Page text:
the GiGLer

The newsletter of Greenspace Information of Greater London CIC

Migration over London

David Darrell-Lambert, Bird Brain UK, & GiGL treasurer

Migrating redwing © David Darrell-Lambert

Most people don’t look to the sky over London for migrating birds. I never used to. Until, way back in the early 1990s, I was waiting at a bus stop on Tottenham High Road. I looked up and noticed a smoky, long line of wood pigeons. I counted over four hundred before my bus turned up. I was impressed but didn’t realise at the time that this was the tip of an iceberg in terms of bird migration.

Throughout my ornithological career, I have seen colossal migrations around the world. I have seen the skies of Israel filled with eagles and buzzards, and witnessed hundreds of migrating warblers moving like a plague of locusts through the bushes in Canada. Amazing stuff. But what about London?

London? Bird migration? Well it does happen. While working on various surveys across the capital, I have seen some migration and occasionally picked up large-scale action. On 30 August 1992, on the Lea Valley Reservoirs, I recorded over 400 common terns, 120 bar-tailed godwits, 80 black terns and 30 grey plover migrating through.

In recent years, I have been trying to focus on picking up this sort of migration across the capital to highlight our commuting avian friends as they move around the globe.

There are two ways I record migration. Firstly, what we call visible migration. This normally means standing in one location with a good view across the sky to count birds in flight. It always kicks off early in the day, so you have to be up with the lark and be prepared to stand around waiting for something to happen.

In early autumn, August and September, you are most like to get hirundines, swallows and martins, moving through. It can be a trickle or it can be a massive volume. From late September through to November, thrushes, finches and pigeons start to move.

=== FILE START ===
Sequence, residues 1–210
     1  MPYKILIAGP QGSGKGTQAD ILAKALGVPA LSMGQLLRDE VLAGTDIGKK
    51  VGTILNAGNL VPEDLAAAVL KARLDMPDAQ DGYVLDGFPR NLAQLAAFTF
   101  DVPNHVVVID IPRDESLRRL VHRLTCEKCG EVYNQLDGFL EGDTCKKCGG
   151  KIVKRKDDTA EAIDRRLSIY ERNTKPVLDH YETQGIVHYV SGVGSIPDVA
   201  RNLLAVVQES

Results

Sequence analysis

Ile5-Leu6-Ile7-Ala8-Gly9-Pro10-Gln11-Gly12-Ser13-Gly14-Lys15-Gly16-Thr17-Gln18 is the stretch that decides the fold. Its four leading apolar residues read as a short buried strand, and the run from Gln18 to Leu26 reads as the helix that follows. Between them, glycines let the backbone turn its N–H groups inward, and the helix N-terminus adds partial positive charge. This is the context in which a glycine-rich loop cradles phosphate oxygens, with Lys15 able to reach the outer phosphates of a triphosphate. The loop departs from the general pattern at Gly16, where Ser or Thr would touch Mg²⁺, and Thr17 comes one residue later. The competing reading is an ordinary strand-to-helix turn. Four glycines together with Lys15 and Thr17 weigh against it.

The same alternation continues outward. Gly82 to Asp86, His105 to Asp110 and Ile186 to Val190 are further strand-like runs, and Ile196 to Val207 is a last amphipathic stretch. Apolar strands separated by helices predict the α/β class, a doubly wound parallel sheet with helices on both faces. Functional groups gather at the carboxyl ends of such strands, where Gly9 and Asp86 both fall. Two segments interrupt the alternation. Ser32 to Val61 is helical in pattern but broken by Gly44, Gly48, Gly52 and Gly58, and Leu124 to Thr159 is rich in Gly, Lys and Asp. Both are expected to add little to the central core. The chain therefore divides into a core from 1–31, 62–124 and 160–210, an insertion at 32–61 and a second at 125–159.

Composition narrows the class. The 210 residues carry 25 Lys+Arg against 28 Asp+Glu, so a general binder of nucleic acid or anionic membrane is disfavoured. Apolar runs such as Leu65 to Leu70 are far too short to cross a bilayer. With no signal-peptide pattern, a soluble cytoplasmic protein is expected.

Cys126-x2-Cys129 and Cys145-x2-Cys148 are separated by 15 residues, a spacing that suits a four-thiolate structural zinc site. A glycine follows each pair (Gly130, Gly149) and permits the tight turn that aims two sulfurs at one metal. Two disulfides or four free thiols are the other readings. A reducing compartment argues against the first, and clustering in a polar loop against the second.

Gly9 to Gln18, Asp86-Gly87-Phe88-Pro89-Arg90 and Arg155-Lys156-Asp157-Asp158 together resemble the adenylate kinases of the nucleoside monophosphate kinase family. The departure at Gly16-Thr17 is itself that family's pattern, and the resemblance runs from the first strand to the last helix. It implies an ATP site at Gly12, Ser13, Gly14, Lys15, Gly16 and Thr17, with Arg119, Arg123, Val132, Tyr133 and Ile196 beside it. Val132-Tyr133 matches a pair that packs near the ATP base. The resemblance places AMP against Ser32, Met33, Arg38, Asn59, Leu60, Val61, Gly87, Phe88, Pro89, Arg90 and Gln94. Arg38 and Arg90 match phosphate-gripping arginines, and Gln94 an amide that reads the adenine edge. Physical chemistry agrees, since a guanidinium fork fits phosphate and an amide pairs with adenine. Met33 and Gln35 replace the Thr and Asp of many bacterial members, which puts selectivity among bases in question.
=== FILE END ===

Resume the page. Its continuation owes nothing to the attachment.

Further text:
On 14 October 2017, I visited the migration hotspot of Hampstead Heath. After three hours, nearly two and half thousand individuals and twenty different bird species had moved through; mainly wood pigeons (921) and chaffinches (531). The wood pigeons mostly came out of the roost early in the morning and then headed off west and south. The chaffinches trickled through all morning. The UK is currently experiencing an influx of hawfinches from the continent, possibly caused by various species of tree failing to generate enough food. I counted 42 hawfinches on this one morning.

These numbers aren’t peculiar to Hampstead Heath. In Greenwich Park, local ornithologist Joe Beale has recorded 12,000 migratory birds from over 20 species between 15th October and 18th November 2017. The bulk were 5,000 wood pigeon, 3,500 starlings and 1,800 redwings. Also recorded were at least 47 hawfinches which previously have only been recorded four times in Greenwich Park since 1960.

The far eastern side of London has an amazing track record for migratory wood pigeon. This year, near Rainham Marshes, local birder Ruth Barnes counted forty two thousand moving through in one morning. This is about ten thousand short of the record count for the London area in Swancombe Marshes. My best count was four and half thousand in half an hour. I had a meeting to go to, so I don’t know happened after I left.